With my departure from Hong Kong looming before me, I’ve given in to gluttony and am eating my way around Hong Kong to dull the pain of goodbye. Short on time, I’ve focused on a few institutions: (1) Tim Ho Wan 添好運 in Sham Shui Po; (2) Khyber Pass Mess Club at the infamous Chungking Mansions in Tsim Sha Tsui; and (3) the exclusive China Club housed in the top floors of the old Bank of China Building in Central.
1. Tim Ho Wan 添好運: Cheap and cheerful Michelin-starred dim sum
Tim Ho Wan is the kind of place where they bring tea to the table for you to wash your own dishes in and where you have to pay for napkins. It’s also cramped and features efficient, but gruff service. It is absolutely perfect.
There is a recurring rumor that this place is the cheapest Michelin-starred restaurant in the world. The menu is relatively short, but what they make, they make well. I highly recommend the “deep fried spring roll filled with shrimp and egg white.”
I’ve been lucky enough to enjoy dim sum two weekday mornings recently and haven’t waited more than an instant for a table. I’ve heard, however, that those who arrive at noon or on the weekend have to wait on the hot, steamy street outside in Sham Shui Po for over one hour while dodging the drippy air-conditioners mounted on the buildings above. You have been warned; time your visit well.
2. Khyber Pass Mess Club: Cheap Indian in Chungking Mansions
We didn’t necessarily choose the Khyber Pass Mess Club. Their persistent tout — stationed on the ground floor of the infamous Chungking Mansions amongst the “ladies tailoring” and “copy watch” touts — and a quick internet search, identified it out as a reliable choice amongst the many Indian “mess clubs” housed in the various tower blocks.
For those unfamiliar with the Chungking Mansions, it is a block of early 1960s (once) residential towers that (now) house a rag-tag assortment of cheap backpacker guesthouses, cheap business hotels catering to African and South Asian traders, curry restaurants, second-hand mobile phone stores, South Asian and African specialty food shops as well as God knows what else squirreled away in its back corners. (To learn a little more about the Chungking Mansions, read this Wikipedia article. To learn a lot more about the Chungking Mansions, read Gordon Mathews’ slightly too academic Ghetto at the Centre of the World.)
Having identified our dining destination, we queued with backpackers for an elevator up Block E. Once at the 7th floor we wound round the narrow halls, entered a rather nondescript door and were warmly directed to a corner table. The place was not busy, but several groups of young Hongkongers, a few South Asians and a Buddhist nun, were all mid-meal upon our arrival. After I become a member (a requisite free step), we were served Kingfisher beers and ordered a predictable assortment of Indian dishes: saag paneer, chicken tikka masala, channa masala, veg samosas and naan. We came away with happily full bellies for a budget price. Haters note: we did not suffer “Delhi Belly” the next day.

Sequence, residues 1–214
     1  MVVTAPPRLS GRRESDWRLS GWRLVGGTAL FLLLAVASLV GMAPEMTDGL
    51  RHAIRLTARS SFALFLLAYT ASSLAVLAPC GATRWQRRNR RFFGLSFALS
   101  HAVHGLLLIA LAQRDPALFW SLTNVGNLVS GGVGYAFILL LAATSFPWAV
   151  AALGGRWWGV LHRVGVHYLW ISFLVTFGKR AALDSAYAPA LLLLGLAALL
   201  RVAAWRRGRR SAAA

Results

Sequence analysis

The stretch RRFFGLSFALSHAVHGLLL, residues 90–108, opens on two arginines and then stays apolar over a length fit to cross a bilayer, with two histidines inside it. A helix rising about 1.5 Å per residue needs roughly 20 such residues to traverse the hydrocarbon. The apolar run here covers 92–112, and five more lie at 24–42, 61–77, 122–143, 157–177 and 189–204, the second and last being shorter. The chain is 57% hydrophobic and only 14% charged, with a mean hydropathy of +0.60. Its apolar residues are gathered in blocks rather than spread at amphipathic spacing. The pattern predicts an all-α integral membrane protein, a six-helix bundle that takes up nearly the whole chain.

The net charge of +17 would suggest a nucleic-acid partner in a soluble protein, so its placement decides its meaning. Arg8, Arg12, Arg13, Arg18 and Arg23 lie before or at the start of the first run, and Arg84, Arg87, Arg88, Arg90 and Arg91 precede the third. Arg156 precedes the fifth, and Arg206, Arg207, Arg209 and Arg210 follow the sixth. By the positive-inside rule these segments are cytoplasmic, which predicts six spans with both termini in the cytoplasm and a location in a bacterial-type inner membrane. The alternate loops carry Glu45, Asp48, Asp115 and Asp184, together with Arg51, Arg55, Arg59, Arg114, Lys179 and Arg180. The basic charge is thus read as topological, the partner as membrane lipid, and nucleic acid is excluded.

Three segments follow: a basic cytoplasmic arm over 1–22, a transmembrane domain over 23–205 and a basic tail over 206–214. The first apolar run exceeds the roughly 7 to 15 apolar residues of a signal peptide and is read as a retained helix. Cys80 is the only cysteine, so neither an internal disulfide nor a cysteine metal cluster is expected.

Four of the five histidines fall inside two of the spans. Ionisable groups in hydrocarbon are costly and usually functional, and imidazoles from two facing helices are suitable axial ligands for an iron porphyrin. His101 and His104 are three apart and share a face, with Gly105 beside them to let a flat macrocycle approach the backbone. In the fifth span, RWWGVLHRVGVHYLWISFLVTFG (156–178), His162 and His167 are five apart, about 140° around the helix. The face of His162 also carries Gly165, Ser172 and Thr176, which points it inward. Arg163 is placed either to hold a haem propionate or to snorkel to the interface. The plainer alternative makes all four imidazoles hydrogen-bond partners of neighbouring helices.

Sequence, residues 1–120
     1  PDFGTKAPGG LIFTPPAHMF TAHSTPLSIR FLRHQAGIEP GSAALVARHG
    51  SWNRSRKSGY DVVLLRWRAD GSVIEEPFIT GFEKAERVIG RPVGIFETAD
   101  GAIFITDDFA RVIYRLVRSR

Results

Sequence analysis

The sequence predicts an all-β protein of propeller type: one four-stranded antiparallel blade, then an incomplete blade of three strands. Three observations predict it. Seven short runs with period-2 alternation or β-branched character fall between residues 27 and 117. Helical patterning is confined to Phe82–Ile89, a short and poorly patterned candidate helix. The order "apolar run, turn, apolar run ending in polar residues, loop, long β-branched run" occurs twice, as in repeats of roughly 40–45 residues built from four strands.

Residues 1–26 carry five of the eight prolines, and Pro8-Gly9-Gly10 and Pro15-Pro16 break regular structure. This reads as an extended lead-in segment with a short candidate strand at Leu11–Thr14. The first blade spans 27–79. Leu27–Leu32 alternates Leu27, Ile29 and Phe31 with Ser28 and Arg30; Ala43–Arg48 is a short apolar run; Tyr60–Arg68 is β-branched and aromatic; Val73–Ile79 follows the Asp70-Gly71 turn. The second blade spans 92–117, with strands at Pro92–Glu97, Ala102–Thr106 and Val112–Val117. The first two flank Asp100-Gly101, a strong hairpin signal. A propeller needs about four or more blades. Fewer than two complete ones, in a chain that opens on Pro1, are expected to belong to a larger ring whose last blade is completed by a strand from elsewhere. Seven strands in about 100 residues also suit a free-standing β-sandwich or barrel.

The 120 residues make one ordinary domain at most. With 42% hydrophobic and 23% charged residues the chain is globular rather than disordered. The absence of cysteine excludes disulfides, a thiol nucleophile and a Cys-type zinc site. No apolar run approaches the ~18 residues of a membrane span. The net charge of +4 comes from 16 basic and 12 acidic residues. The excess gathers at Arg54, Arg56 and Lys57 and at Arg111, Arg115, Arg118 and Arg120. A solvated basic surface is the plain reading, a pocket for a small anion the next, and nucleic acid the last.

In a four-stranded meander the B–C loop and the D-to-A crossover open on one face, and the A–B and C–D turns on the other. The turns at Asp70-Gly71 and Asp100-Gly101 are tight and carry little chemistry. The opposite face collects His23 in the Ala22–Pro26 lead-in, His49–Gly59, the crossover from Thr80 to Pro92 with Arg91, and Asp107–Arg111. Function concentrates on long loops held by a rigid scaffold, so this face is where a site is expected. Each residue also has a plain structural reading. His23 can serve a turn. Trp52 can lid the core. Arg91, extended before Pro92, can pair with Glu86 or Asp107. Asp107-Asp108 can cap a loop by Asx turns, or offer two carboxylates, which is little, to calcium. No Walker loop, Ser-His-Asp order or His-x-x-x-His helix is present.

Did I remember to take a photo of the interior? No I did not. A quick description: fluorescent tube lighting over sturdy, long white laminate tables, grey curtain-covered windows, and little else.
3. The China Club: nostalgic Shanghai indulgence
Having enjoyed several value establishments, it was time to up the eating game with an evening at the exclusive China Club. This spot is members only and, unlike Chungking Mansions’ “mess clubs,” they mean it: we had to finagle reservations via a friend’s sister’s boss.
The China Club was established by Sir David Tang in 1991 and is a sumptuous throw-back to what China Hands dream glamorous 1930s Shanghai might have been like. The glow of red lanterns, dark wood finishes and whirling ceiling fans set the colonial feel. The torch singer fronting a small live band and waiters wearing white uniforms with red and gold trim, place one firmly in the 30s. Walls adorned with modern Chinese art, reminds us diners that we are not at a nostalgic Disneyland restaurant, but are still living in the modern era while simply indulging in a hip taste of the past.
The food consisted of pleasant versions of Chinese favorites: Peking duck, roasted pork belly, xiao long bao, green beans with minced pork, etc. Wine was served in lovely cut crystal glasses and utensils were elegantly, thin, silver chopsticks. At the end of the meal we were all surprised by a plate of anachronistic (American-invented) fortune cookies.
After dinner, we wound our way upstairs, past the library and long bar, to the outdoor terrace for after dinner drinks. Sublime.
I have ten days left. Where else should I go?
*You’ll note that none of these places have proper websites and that I’ve linked to whatever is the next best thing that will help you figure out where they are and how to contact them.
Yes, that’s how cool they are.